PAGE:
Spending money on programs to fight the stigma of mental illness is a waste and ineffective. It would be far more appropriate to use that money to provide proper treatment. If that were done, what stigma there is would be reduced.
Many argue that a major impact of stigma is that people will be afraid to admit they have a problem and not seek treatment. But the data on prescribed drugs shows that anti-depressants were the second most commonly prescribed class of drugs in 2010 (Appendix 2, P 31). Tranquilizing agents were at number 11. In 2008, the Center For Disease Control found that the fourth leading reason for doctor visits was mental disorders (Table 12).
There would seem to be little stigma associated with depression and anxiety based on these data.
Where there is still a stigma with the serious mental illnesses of schizophrenia and bipolar disorder -- and the worst offenders are health care providers as I mentioned in an earlier blog. I even commended the Mental Health Commission of Canada for developing programs to help medical students be less stigmatizing.
The consequence of that stigma was pointed out by Thomas Insel, the Director of the National Institute of Mental Illness in the U.S. He wrote in a recent blog that "the average life expectancy for people with major mental illness ranged from 49 to 60 years of age." That is a life span on par with many sub-Saharan African countries, including Sudan (58.6 years) and Ethiopia (52.9 years) and not consistent with the U.S. average of 77.9 years.
Another major cause of stigma towards those with serious mental illnesses occurs whenever an untreated person commits a horrendous act of violence and the media publicity that results. The impact of those actions by a small minority reflects on all. As pointed out in an earlier post, the commission's response to this cause of stigma is to try to convince the media not to report them.
A better solution to this, however, was put forth by Dr. Julio Arboleda-Florez. In an editorial in the November 2003 issue of the Canadian Journal of Psychiatry, he said: "Helping persons with mental illness to limit the possibilities that they become violent, via proper and timely treatment and management of their symptoms and preventing social situations that might lead to contextual violence, could be the single most important way to combat the stigma that affects all those with mental illness." He is an emeritus professor of psychiatry at Queen's University in Kingston, Ontario and headed up the anti-stigma Open the Doors program sponsored by the World Psychiatric Association.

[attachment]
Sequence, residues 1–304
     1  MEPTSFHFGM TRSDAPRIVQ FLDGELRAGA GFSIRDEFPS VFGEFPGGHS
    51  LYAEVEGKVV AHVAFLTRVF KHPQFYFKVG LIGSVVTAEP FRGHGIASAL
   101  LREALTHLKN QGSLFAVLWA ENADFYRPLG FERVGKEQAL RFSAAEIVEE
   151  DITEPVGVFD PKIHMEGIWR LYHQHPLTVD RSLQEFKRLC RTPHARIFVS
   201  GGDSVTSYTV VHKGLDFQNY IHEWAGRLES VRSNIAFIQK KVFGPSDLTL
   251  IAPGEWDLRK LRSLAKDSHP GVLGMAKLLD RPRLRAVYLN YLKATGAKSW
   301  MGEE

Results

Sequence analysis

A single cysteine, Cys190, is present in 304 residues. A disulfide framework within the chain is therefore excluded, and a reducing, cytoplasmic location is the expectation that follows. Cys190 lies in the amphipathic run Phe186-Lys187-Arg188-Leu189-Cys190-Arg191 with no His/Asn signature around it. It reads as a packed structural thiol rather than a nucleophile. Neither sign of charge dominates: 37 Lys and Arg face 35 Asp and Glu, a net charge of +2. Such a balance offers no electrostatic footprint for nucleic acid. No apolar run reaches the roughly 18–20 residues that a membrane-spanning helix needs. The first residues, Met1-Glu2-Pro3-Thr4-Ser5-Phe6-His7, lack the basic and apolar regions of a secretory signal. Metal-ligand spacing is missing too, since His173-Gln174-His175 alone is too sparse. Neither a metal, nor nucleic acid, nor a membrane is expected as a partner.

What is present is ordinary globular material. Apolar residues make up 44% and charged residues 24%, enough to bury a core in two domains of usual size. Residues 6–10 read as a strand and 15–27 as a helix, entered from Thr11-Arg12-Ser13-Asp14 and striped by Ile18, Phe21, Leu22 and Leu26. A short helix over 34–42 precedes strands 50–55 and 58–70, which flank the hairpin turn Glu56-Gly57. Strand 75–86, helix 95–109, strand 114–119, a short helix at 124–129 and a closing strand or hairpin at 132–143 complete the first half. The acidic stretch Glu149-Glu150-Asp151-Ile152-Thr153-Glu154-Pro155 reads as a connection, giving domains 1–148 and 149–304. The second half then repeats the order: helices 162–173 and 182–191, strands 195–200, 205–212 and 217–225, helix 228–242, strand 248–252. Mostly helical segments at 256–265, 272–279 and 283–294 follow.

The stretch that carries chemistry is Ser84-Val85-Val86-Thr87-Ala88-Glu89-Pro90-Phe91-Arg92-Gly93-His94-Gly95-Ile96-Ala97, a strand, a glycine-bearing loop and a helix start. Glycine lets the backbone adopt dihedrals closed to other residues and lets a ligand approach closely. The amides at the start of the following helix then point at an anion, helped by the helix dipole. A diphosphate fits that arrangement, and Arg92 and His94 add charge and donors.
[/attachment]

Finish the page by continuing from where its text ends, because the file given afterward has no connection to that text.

For the anti-stigma programs that have been done, little research exists on their efficacy. In a recent issue of the American Psychiatric Association's Journal, Patrick W. Corrigan found there is no meaningful evidence on the impact of public service announcements, such as real-world change in prejudicial attitudes and discriminatory behaviours.
Dr. Heather Stuart of Queen's University in Kingston, Ontario is the mental health and anti-stigma research chair just established by Bell Canada. She consults on stigma for the Mental Health Commission of Canada and, she said, very few anti-stigma programs have even been evaluated thus their impact on the quality of life of those with mental illness is unknown.
But, in looking at the types of anti-stigma programs that are used for a previous article, I stated that there appear to be two strategies. One I called "Telling it Like it Is," (serious mental illness is a disease that can be managed) and the other, "Let's Ignore the Illness," about how we deny the existence of an illness and simply get to know the mentally-ill person as a person.
This latter approach is outlined in a paper done for the Queensland, Australia Government by Canadian consultant Neasa Martin who also consults with the Mental Health Commission of Canada. The paper states that "mental health problems are best framed as part of our shared humanity. These are an understandable response to a unique set of circumstances and not purely as genetically based illnesses or a diseased state of the brain."
The way to decrease stigma, her paper says, is through direct personal contact with the ill. I first learned this when I presented a paper on stigma by medical professionals at a conference where Martin and Chris Summerville, the executive director of the Schizophrenia Society of Canada and a member of the Mental Health Commission of Canada, presented in the same workshop with me. They both chastised me for increasing stigma. I should have been promoting friendship with the ill and not demeaning them by suggesting they have a disease.
I was stunned but will admit it's true that we are less discriminating towards those we come to know. That approach does work in race relations. But who wants to be friends with and get to know someone who is totally psychotic? If they are properly treated, fine, but otherwise, no. Most of us cringe when we see a street person sleeping on the sidewalk as we often do. I see many on Toronto's Bay Street -- the financial epicentre of one of the wealthiest countries in the world. And we cringe and hurry away when we see a dishevelled person pushing their worldly belongings in a shopping cart mumbling to themselves or shouting aloud about God or the end of the world.
In cringing and shunning them, we are stigmatizing them. Shame on us. We should get to know them which of course assumes they have the mental capacity to carry on a conversation. Maybe what we should do instead is to spend that anti-stigma money to ensure that they are treated and restored to sanity. Then most of us would want to befriend them and they would live longer with more fulfilling lives.
That would help to reduce stigma.
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